Doctor of Philosophy
Earth and Environmental Sciences
Other advisers/committee members
Yu, Zicheng; Dietze, Michael
Improved projections of future climate trends, climate extremes and ecological responses are critical to inform policy and natural resource management aimed at sustainability and preparedness. Considerable attention has been focused on understanding drought, due to concerns over crop yield and forest mortality. However, some regions, such as the eastern US, have experienced increased summer precipitation over the past half century and the causes and ecological implications are not well understood. Greenhouse gases and regional effects of agricultural irrigation have been shown to be primary drivers of precipitation enhancement, although far-downstream effects of irrigation on moist, forested regions remain unclear. In addition, correctly anticipating forest responses to increasing precipitation, and other aspects of a changing climate, requires understanding the interaction of long-term successional processes across regional-to-continental spatial scales. Here I, 1) investigated how agricultural irrigation enhances regional and far-downstream precipitation; and, 2) developed a new data-driven model of forest dynamics that quantifies compositional and structural response to competition, disturbance, and climate anomalies. This work combined modeling experiments using the National Center for Atmospheric Research (NCAR) community earth system model (CESM) and analysis of large long-term datasets from the National Oceanic and Atmospheric Administration (NOAA) and US Forest Service (USFS) forest inventory and analysis (FIA). Results indicated that moisture advection from irrigation in the western U.S. enhances stratiform precipitation in the densely populated greater New York City region, where very-heavy precipitation events were 11% more intense and occurred 23% more frequently. Forest modeling provided validation and quantification of fundamental ideas underlying forest succession (e.g., self-thinning, resource limitation tolerance) and revealed increased summer precipitation may enhance forest net primary productivity up to +32% (+0.52±0.08 Mg C ha-1 yr-1). However, climate warming was associated with increased occurrence of weather disturbances and disease resulting in reduced productivity by as much as -29% (-0.55 ±0.08 Mg C ha-1 yr-1). Well-known successional shifts in species-group dominance were attributed to disturbance susceptibility and a gradient of tolerance to resource limitation. Collectively this work provides new insight for climate mitigation efforts, robust comparisons for global vegetation models, and context for water resource and forest management.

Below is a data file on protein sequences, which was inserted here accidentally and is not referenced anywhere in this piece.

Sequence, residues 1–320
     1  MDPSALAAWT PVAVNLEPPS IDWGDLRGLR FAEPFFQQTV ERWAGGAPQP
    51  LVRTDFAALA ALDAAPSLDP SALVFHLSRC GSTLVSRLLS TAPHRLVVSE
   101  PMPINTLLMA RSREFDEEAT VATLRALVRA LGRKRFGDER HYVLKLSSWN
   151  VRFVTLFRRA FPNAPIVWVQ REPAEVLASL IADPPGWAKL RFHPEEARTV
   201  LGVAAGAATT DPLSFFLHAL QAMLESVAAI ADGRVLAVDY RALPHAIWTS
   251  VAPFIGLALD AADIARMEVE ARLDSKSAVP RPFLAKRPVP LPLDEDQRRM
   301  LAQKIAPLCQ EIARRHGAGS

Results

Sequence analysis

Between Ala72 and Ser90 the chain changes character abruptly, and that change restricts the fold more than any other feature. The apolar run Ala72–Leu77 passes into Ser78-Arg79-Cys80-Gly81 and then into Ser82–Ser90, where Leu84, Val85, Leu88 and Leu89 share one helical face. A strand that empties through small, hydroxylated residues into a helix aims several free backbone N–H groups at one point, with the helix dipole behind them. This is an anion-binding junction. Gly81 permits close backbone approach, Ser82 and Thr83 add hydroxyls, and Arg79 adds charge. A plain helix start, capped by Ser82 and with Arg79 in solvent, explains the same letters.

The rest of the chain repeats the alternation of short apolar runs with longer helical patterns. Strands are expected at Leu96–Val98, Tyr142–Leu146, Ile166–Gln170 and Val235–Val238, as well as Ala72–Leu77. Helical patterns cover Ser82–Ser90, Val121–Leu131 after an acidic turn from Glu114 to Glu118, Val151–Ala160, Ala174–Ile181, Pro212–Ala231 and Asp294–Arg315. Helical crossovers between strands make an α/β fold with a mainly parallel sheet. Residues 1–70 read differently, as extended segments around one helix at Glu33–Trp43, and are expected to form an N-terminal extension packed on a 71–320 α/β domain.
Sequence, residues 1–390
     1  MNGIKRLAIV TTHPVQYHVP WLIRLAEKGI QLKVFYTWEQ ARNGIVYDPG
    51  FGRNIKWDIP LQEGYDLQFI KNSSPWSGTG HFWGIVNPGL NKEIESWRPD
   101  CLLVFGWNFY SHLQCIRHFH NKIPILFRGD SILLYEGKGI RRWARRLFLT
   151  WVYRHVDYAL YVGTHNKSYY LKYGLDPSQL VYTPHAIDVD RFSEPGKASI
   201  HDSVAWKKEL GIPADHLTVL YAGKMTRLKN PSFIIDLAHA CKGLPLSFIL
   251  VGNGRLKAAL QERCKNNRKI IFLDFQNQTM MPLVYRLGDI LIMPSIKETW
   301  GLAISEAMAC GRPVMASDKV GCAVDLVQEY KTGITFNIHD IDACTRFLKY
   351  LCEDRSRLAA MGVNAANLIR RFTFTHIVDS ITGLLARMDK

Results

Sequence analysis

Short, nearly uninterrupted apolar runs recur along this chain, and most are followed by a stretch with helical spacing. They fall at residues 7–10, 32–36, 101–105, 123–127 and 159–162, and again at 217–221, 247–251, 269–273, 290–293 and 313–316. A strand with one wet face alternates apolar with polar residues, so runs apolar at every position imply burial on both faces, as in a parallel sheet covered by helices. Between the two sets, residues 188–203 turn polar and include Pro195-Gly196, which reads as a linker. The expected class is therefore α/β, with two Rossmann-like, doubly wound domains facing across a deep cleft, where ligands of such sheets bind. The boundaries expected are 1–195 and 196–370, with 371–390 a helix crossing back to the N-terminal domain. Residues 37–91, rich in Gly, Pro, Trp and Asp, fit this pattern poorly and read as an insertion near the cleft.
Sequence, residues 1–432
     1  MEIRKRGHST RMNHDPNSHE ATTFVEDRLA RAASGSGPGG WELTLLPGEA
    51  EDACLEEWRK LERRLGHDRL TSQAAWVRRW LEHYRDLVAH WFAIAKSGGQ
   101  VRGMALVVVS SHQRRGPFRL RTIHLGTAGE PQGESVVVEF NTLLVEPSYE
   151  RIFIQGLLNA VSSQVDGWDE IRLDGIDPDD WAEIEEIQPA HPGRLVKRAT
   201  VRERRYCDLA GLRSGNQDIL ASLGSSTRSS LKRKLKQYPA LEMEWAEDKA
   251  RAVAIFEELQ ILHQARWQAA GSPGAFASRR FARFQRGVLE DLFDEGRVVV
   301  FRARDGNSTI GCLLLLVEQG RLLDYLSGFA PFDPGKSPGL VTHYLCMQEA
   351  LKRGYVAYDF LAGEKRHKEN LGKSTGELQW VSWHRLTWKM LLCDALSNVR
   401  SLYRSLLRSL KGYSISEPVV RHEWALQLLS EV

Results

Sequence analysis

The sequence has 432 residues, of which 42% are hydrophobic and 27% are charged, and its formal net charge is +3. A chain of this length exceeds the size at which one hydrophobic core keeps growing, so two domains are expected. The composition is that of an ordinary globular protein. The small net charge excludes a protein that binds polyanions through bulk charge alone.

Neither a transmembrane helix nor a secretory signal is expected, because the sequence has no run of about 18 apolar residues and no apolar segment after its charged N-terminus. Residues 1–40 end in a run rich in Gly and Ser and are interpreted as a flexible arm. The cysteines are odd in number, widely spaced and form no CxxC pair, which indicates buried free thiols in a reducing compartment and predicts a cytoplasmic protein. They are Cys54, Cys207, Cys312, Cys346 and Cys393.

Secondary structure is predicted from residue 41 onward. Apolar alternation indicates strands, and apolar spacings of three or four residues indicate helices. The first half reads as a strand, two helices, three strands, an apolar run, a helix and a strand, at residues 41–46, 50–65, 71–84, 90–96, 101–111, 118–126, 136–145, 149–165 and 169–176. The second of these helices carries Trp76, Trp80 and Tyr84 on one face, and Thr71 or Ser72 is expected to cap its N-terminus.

Andrews, Travis D ., "Why precipitation and forest structure are changing in the eastern US: insight from analysis of large empirical and climate model datasets" (2015). Theses and Dissertations. 2488.